After the completion of the auction, Galileo would sometimes take a wagon of slaves to either the rail yard where they would be loaded into cattle cars and sent to Mississippi, or to the river front for transport to New Orleans on one of his master’s ships.  Today, however, he would be taking a group of slaves to his owner’s plantation on the outskirts of Alexandria, Virginia.

Harsh voices and rattling chains alerted him to the approach of his cargo.  Galileo jumped down from his seat and jogged to drop the wagon gate to load the passengers.  There were four, two men and two women, no children.  The women, inconsolable, were being roughly handled by two men who shoved and jabbed them sharply in the ribs with the balled end of whip grips.  They were grieving being separated from their children during the auction.  Galileo recognized them as being from Sierra Leone, they were speaking the same language as his mother.  Perhaps their families knew each other.  The two women were startled when he began speaking to them soothingly in Krio while helping them climb into the wagon bed.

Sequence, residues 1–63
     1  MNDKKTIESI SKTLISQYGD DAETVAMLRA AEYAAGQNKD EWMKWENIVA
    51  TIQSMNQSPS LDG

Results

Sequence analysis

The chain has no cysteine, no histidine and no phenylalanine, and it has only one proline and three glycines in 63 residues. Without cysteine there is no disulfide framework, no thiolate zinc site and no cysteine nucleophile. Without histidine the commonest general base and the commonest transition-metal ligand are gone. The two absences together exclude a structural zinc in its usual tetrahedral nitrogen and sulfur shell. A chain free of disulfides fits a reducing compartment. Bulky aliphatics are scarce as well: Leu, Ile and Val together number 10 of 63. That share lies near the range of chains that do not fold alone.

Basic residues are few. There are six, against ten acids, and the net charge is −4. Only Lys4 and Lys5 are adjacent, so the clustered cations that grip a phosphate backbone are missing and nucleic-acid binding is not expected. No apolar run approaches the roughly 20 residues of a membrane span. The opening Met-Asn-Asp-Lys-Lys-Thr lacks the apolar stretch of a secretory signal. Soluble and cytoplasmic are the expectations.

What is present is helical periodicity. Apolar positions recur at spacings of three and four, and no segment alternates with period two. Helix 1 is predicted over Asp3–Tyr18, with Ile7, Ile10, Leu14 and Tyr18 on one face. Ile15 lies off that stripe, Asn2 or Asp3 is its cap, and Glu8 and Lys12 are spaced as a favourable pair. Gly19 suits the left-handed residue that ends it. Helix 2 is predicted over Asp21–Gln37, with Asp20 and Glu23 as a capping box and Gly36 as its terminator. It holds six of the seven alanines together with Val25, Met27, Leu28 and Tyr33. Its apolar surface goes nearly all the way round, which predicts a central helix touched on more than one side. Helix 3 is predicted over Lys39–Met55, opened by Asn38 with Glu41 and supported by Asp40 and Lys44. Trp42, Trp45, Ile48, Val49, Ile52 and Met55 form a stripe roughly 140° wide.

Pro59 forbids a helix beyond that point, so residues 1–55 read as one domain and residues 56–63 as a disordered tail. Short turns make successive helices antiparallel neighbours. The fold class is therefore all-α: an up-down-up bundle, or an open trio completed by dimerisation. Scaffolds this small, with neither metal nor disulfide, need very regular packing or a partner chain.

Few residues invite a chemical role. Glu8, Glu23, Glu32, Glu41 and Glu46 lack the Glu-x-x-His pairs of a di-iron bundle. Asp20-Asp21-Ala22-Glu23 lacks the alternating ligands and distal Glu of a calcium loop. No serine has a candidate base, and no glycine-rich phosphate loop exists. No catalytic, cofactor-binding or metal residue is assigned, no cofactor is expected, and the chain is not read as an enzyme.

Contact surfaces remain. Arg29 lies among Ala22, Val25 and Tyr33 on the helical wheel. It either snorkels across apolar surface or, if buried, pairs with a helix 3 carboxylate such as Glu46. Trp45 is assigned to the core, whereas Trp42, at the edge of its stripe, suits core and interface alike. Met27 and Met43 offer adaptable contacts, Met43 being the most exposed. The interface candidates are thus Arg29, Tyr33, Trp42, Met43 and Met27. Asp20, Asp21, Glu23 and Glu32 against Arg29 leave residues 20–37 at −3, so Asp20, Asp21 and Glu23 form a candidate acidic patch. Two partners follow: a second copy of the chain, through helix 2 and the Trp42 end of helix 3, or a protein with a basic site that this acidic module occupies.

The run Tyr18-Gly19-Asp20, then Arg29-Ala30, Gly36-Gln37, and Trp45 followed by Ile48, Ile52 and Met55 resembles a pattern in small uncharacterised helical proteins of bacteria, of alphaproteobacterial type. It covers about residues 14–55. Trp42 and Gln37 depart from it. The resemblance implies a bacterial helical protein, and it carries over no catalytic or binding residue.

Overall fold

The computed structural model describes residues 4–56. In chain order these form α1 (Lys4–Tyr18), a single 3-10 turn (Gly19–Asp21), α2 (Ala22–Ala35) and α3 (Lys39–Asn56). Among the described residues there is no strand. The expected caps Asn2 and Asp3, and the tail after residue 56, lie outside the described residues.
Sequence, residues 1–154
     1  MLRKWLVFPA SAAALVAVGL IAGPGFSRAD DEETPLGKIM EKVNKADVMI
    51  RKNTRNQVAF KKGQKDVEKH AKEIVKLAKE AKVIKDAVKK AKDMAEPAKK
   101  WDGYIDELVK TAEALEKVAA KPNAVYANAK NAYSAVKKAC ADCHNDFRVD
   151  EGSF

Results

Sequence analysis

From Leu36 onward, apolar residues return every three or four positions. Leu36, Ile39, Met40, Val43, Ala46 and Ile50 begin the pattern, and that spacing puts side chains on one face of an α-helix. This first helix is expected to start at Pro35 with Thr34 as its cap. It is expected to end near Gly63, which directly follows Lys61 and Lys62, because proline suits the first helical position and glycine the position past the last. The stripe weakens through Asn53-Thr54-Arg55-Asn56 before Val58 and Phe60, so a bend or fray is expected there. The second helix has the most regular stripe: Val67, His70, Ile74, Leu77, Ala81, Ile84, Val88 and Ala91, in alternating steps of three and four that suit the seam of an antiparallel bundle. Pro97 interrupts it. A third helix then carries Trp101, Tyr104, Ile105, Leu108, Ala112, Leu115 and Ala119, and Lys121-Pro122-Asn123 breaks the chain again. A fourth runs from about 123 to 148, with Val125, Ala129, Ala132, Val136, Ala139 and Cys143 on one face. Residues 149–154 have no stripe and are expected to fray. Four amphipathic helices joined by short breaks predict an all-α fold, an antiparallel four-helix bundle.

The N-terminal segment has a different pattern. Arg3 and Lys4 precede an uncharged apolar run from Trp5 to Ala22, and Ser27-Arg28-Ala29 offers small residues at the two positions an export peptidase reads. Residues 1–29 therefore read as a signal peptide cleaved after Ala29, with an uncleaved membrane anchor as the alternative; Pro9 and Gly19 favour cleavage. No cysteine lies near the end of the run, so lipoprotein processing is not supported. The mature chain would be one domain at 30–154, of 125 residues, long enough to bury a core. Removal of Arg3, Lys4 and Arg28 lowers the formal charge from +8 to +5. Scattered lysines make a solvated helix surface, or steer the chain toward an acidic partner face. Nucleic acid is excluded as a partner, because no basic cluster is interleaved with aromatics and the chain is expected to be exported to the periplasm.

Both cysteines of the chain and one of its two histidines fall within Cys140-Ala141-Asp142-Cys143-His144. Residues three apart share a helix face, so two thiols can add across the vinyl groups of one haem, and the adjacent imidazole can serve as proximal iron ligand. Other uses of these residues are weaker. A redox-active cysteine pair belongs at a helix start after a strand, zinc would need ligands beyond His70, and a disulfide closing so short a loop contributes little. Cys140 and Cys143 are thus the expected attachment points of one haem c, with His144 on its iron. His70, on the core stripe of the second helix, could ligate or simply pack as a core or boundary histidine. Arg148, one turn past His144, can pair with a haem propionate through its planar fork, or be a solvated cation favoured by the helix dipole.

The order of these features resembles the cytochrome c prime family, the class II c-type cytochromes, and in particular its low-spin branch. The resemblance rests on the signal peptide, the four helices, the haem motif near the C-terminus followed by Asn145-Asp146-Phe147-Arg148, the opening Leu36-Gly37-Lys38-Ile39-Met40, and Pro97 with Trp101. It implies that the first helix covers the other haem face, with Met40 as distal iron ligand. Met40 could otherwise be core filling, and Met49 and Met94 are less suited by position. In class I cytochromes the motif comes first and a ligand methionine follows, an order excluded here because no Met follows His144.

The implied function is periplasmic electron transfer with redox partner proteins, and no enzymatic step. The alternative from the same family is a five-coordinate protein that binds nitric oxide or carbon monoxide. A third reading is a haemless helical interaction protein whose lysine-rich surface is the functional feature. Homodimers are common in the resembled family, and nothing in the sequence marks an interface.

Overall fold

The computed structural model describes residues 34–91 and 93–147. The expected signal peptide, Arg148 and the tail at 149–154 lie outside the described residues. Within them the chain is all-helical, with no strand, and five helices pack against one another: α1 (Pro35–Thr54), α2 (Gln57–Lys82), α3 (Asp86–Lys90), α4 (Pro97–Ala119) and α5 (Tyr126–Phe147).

“All I can say is how sorry I am for what has happened to you.  But you must try to settle yourselves, or you will be whipped.  Please understand,” he said.  The two women continued to sob, but were somewhat more subdued.

The booming voice of Asa Washburn, Galileo’s master, made everyone jump, “That Galileo can charm a catamount, look how he calmed those wenches!  Good work son!”

With their cargo loaded, Galileo and Asa climbed into the wagon seat and set off for Laurel Hall, the Washburn plantation.  As the wagon moved slowly along Prince Street, Galileo could catch a glimpse of the wide Potomac River, and just beyond the opposite shore line, the outer buildings of the nations Capital.  “But not my Capital,” he thought.